Imagine an hourglass where sand doesn’t move from top to bottom but just gathers at its neck point. This is what’s happening in this breathtaking new image from JWST. A protostar within the dark cloud L1527 has been seen gathering material from the nebula where it formed as well as carving out a space around it. The result is this snap from the space telescope that looks like it could be a painting.
The nebula’s incredible colors cannot be seen in visible light. Fortunately, JWST’s Near-Infrared Camera (NIRCam) can detect not just the emission of the various heated structures it can see but the different colors that they emit.
In the image, the protostar (a very young star still gathering mass from its parent cloud) is not visible. The protoplanetary disk forming around the protostar is the thick dark line in the middle of the feature. We are seeing this system edge-on, and the protostar is hidden from view.
We may not see the protostar, but the effect of this object on its surroundings is dramatic. At this point, it has not begun nuclear fusion at its core, which will make it an official star and not a brown dwarf, which are failed stars. A protostar needs to steal material to grow big enough to start nuclear fusion. The light that shines comes from the shock of material hitting its surface at high speeds.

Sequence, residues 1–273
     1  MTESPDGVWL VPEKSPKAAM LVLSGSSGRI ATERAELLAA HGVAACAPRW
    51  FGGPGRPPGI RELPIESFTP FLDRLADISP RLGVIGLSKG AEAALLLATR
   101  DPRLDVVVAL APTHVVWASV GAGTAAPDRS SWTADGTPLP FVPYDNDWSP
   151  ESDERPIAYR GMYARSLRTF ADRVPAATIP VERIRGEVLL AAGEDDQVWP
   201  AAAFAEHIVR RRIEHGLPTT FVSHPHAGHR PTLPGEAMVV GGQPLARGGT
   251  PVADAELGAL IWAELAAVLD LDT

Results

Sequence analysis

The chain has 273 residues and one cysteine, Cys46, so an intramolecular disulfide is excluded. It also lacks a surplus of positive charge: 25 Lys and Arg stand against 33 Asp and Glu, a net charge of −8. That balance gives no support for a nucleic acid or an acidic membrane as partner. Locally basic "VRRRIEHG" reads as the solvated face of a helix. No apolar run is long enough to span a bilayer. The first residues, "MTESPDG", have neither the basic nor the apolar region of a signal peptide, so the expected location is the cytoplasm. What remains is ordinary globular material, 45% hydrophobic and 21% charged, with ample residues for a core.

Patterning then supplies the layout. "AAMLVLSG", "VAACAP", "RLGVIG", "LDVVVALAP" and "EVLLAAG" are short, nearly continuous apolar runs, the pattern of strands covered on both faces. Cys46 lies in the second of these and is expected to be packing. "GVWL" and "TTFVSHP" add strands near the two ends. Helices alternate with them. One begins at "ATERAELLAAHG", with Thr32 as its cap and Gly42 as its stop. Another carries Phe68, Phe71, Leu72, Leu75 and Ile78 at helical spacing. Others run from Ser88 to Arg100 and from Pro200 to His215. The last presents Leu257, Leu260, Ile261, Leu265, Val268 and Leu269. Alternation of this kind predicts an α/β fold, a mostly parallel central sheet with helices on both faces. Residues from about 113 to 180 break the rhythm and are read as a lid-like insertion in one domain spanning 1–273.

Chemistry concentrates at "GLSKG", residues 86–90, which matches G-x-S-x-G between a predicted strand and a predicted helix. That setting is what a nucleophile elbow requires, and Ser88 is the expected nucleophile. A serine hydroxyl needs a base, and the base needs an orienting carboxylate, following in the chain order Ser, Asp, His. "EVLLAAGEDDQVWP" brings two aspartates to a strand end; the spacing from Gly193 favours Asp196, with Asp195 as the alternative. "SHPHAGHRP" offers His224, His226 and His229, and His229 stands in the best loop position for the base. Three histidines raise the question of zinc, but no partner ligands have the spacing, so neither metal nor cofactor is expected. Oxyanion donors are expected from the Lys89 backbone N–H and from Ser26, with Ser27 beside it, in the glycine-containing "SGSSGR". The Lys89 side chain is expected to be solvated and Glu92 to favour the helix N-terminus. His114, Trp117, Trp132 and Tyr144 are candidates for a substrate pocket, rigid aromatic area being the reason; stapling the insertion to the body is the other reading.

This robbery from the rest of the star-forming nebula needs to happen moderately quickly as the energy from the protostar will begin throwing some of the material off into space. Bubble-like structures are recent stellar ejections visible in the upper triangle of the hourglass. These eruptions lead to the carved space around the baby star and heat up hydrogen filaments like the one visible in the image. This stops other stars from forming as they can only form from cold gas that condensed and then collapsed on itself.
L1527 is an absolute cosmic baby. At about 100,000 years old, we are truly seeing the first formative moments of a star. It is considered a class 0 protostar, the very first step in the staircase to stardom. If we could see it, it would appear like a spherical clump of gas between one-fifth and two-fifths the mass of the Sun. The disk that creates the hourglass neck is actually the size of our Solar System.